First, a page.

Very true. Thanks. I do think you have made a good suggestion to speak to people who trained later in life. I think applying for Vacation Schemes puts me off as I might be the only older person applying. Thanks though. Does anyone know firms which are more likely to take on those who have trained later in life?

(0)(0)

Anon

Assuming this isn’t trolling, which it likely is, I’d say bail on pursuing a TC.

Law is insanely snobbish and no matter how good you do in an assessment centre/vac scheme, you’ll always come off as second rate because of a-levels, poly uni, etc. Your work experience will be mostly irrelevant. Law is snobbish. I know this because I sat with my firm’s recruitment partner when viewing applications and I watched him laugh at similar CVs.

Do not believe the “oh my mum is a 1 legged dolphin-identifying lesbian and I grew up on a counsel estate, bad a-levels and a 2:2 in law from Uni of Essex and no I’m a trainee at Clifford Chance because I just worked hard” types. They are very very much the exception.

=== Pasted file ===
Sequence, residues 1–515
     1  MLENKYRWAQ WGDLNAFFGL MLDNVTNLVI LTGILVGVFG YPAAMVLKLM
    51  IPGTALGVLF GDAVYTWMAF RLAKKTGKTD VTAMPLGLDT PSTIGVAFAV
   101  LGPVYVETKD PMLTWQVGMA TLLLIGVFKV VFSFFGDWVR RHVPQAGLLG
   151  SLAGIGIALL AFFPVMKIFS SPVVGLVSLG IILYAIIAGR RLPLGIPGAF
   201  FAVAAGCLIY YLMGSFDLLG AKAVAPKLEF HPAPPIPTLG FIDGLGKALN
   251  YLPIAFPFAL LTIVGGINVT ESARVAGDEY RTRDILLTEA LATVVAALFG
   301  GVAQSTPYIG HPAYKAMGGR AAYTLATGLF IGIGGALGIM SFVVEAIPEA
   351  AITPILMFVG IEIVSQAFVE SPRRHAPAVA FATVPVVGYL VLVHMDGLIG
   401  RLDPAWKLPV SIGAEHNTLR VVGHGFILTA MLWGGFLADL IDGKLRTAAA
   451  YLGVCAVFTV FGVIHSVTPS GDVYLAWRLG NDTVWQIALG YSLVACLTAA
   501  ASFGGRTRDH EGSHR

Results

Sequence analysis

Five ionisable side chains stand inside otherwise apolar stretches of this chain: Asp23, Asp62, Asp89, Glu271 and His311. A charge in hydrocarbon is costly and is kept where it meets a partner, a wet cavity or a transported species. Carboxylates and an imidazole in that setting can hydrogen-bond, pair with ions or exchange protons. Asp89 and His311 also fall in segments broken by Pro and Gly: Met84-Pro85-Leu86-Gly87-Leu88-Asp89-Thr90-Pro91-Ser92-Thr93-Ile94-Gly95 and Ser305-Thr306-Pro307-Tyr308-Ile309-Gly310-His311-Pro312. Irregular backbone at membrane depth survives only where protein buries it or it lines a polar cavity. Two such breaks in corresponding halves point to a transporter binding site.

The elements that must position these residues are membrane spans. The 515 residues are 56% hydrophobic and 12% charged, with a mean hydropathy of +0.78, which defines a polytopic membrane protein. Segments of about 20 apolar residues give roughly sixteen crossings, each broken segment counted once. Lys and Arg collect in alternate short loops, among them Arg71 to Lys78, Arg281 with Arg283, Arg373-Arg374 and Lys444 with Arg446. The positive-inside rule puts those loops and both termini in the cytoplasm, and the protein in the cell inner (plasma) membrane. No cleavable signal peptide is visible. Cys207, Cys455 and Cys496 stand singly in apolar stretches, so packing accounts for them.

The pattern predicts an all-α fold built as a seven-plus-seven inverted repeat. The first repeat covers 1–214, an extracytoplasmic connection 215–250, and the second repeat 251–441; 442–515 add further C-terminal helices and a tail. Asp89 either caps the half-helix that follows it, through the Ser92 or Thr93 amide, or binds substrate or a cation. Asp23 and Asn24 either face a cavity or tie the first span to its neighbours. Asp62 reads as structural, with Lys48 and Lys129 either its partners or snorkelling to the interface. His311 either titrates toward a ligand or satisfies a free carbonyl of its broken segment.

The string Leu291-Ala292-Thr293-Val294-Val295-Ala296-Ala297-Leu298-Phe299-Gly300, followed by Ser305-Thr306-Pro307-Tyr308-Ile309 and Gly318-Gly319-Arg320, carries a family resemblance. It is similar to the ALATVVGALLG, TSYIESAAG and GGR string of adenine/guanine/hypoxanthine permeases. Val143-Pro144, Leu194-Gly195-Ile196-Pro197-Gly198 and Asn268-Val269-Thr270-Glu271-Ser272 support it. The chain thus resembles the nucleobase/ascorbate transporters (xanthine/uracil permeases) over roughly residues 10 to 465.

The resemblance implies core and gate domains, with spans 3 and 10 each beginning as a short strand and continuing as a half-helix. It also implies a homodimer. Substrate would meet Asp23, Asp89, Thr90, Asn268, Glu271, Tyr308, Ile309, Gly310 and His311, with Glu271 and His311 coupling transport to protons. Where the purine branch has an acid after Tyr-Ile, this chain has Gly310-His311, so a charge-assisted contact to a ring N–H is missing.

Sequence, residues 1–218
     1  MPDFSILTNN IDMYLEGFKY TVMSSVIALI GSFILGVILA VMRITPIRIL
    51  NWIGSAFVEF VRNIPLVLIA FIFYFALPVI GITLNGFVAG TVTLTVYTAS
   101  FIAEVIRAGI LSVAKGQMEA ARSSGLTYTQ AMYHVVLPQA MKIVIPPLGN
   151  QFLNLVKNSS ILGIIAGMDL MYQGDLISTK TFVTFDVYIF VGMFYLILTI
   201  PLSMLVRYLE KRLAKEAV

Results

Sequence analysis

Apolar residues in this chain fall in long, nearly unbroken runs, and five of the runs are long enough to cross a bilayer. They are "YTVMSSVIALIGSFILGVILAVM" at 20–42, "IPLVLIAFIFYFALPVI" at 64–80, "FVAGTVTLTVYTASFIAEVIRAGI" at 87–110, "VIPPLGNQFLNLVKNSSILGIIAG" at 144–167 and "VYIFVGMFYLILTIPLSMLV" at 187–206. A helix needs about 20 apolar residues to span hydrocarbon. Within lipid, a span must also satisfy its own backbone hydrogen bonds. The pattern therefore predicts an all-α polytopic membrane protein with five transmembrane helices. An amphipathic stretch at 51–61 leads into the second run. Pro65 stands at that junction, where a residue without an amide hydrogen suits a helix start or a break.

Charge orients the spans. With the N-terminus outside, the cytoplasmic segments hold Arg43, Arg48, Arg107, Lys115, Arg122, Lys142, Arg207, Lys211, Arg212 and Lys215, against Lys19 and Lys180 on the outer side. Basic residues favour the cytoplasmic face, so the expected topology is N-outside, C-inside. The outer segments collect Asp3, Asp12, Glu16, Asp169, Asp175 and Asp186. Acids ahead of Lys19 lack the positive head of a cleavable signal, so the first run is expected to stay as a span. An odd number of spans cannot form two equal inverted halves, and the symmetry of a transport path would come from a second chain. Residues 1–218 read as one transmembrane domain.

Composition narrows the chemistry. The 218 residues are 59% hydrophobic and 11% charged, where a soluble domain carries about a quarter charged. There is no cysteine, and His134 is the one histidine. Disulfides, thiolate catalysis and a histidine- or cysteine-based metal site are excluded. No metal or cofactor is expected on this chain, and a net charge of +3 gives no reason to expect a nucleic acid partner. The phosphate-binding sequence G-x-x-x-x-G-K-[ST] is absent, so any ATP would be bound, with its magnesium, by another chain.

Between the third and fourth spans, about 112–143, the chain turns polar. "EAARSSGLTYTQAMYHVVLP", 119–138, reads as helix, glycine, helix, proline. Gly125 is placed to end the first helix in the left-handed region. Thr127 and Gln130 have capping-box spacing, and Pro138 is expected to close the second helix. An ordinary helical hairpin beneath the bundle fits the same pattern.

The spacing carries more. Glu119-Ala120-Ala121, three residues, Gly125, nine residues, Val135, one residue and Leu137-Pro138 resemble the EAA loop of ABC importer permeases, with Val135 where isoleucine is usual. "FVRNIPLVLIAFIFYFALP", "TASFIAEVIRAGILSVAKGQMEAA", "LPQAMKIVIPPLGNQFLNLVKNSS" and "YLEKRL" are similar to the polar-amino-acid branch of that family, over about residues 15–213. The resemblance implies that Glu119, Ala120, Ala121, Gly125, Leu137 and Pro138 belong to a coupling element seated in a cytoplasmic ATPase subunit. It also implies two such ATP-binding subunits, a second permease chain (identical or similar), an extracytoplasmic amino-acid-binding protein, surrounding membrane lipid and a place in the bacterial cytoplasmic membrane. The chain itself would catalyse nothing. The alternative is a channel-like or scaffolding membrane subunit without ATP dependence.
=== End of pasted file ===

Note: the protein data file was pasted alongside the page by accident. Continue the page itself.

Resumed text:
However, there was a few reports out the last few years that showed financial services and accounting were by far the most diverse employers (by uni). Stick to financial sector and work your way up the ladder until you’re at the point where you are making magic circle law firm partners dance for you.

(8)(0)

Anon

Or consider one of the lesser known US firms in the City – Fried Frank or Goodwin, perhaps. Supposedly more open-minded.

(1)(2)

JDP

Or if you’re a woman whose retained her looks, I’m always happy to mix it up with a MILF once in a while.

(4)(4)

Anon

I love the sense of community in the LC comments section; this lovely chap is volunteering his highly-valued time to give some ol’ drapes a good dusting.

I hope you put that into JD’s annual CSR report.

(1)(0)

Meena

So sweet thank you

(0)(0)

Anonymous

What’s a ‘counsel estate’?

(0)(1)

Meena

Stop being horrible. We normal human beings can all my typing mistakes. It’s because we are thinking about words we use day to day at work so we know it’s Council not Counsel.

(0)(0)

Meena

Thank you those who have provided an honest opinion. I appreciate it.

(1)(0)

Comments are closed.